August 28, 2013

Kill Your Blank Pages: Self-Analysis

"Know Thyself"
Hey, sorry I'm a couple days late. College and all that. :) But here's part nine!

They say that imitation is the sincerest form of flattery. It's a natural tool that we humans use to improve ourselves-- from the time that we're babies, attempting to echo the words our mothers coo to us, through adolescence as we mold our behavior or style of dress after our idols and role models, to adulthood, where we read books on business or parenting or whatever to try to succeed the same way as others have.

But there comes a point where imitation must end and true living must begin. Though it inevitably requires trial and failure, we'll never truly succeed by copying other people. You are you, not them. 

Throughout this series on writer's block, I have often encouraged you to find a way to write that works for you. Today I'm going to focus on this a bit more. I'll explain why you shouldn't outline exactly as the Snowflake method demands; why you shouldn't mimic Rowling's (or anyone else's!) prose; why you shouldn't limit yourself to recycling overused plot and character tropes.

In short, I'm going to tell you that you are YOU.

How to Know if Imitation is Stifling Your Muse

Stilted. Awkard. Fake. Tiresome. These are some words that you may feel apply to your writing if you don't know your own writing style very well. Whether it's cuz you're trying to copy someone else's techniques, or just plain don't know how to string a sentence together in a comfortable way, your muse will undoubtedly be stifled if you don't know how to capture it on the page.

How to Break Free and Find Your Voice

Here are some methods I've used to find my own writing style. Not all of them will work for you, but hopefully some will.


-Stop reading your favorite author. In fact, stop reading at all for a month or two, or even longer if this is a chronic problem for you! If you can't see something, you can't imitate it. So detox yourself from all that influence and take a break from books. (If you can't manage that, then just read a wide variety of different genres and/or authors with wildly different styles. Get your idol out of your head.)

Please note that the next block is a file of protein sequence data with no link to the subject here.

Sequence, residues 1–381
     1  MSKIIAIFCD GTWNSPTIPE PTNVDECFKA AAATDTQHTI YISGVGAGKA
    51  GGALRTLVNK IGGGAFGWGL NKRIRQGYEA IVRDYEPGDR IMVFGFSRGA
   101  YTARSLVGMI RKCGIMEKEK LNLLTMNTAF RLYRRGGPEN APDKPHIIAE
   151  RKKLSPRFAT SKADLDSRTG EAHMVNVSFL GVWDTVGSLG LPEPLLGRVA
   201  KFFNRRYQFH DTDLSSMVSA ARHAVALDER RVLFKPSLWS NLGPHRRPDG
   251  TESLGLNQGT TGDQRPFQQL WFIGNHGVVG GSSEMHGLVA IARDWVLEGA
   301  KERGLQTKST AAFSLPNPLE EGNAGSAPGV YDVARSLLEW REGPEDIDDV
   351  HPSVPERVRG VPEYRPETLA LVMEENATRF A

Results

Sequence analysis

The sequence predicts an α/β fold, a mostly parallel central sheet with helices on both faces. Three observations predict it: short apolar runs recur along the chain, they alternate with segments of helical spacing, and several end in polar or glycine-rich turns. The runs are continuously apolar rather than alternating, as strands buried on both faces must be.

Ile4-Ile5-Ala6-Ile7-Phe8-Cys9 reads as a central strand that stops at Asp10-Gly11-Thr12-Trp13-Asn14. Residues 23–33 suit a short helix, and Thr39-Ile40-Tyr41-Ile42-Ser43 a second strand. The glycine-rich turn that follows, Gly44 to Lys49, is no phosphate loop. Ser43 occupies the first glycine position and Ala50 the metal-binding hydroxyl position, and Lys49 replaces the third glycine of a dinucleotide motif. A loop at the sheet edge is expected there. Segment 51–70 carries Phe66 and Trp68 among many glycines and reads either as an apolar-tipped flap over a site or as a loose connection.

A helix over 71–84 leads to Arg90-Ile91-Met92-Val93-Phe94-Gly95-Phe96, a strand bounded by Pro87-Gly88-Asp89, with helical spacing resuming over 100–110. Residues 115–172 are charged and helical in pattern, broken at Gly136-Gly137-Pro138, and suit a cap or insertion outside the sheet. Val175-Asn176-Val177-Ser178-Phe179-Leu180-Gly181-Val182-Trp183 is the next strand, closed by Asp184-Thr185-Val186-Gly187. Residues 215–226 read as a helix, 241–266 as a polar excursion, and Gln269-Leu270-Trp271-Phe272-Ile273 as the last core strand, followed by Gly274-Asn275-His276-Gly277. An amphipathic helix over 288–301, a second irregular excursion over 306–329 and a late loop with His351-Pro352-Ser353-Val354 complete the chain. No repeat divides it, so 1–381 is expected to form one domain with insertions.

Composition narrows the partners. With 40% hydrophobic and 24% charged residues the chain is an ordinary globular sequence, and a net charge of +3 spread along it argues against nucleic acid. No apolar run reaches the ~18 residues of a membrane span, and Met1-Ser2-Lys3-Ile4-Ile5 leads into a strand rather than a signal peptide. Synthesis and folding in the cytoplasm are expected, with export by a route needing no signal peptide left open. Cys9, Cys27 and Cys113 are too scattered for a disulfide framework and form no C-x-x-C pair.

-Experiment! If you write in the same genre as whatever author/style you tend to imitate, then take a break and try writing in a completely different one. If you write historical romance in omniscient 3rd person, then write a dystopian science fiction in first person. If you write fantasy, write an autobiography! It doesn't have to be long. Just write something that REQUIRES you to take a completely different approach to how you write.

-Go back and read something you wrote a long time ago, maybe before you fell under the influence of whatever you're imitating. What did you do a good job at? A dramatic murder scene that was just totally gripping? A unique turn of phrase when it comes to description? Find a way to take what you did there and apply it to your entire writing style. Maybe that humorous secondary character had awesome, original, charming dialogue, but you've been writing in third person. So try writing in first person or deep third with a similar character that allows you to add that natural voice to everything! Don't be afraid to be different.